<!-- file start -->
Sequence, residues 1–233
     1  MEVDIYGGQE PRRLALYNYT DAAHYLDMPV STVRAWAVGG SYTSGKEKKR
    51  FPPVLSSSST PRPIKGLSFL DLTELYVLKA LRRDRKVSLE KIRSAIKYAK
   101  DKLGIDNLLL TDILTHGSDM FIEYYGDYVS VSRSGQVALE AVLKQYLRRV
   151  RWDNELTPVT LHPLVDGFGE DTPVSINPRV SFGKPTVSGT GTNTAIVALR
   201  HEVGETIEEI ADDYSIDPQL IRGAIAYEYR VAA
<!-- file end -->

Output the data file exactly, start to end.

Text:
Sequence, residues 1–233
     1  MEVDIYGGQE PRRLALYNYT DAAHYLDMPV STVRAWAVGG SYTSGKEKKR
    51  FPPVLSSSST PRPIKGLSFL DLTELYVLKA LRRDRKVSLE KIRSAIKYAK
   101  DKLGIDNLLL TDILTHGSDM FIEYYGDYVS VSRSGQVALE AVLKQYLRRV
   151  RWDNELTPVT LHPLVDGFGE DTPVSINPRV SFGKPTVSGT GTNTAIVALR
   201  HEVGETIEEI ADDYSIDPQL IRGAIAYEYR VAA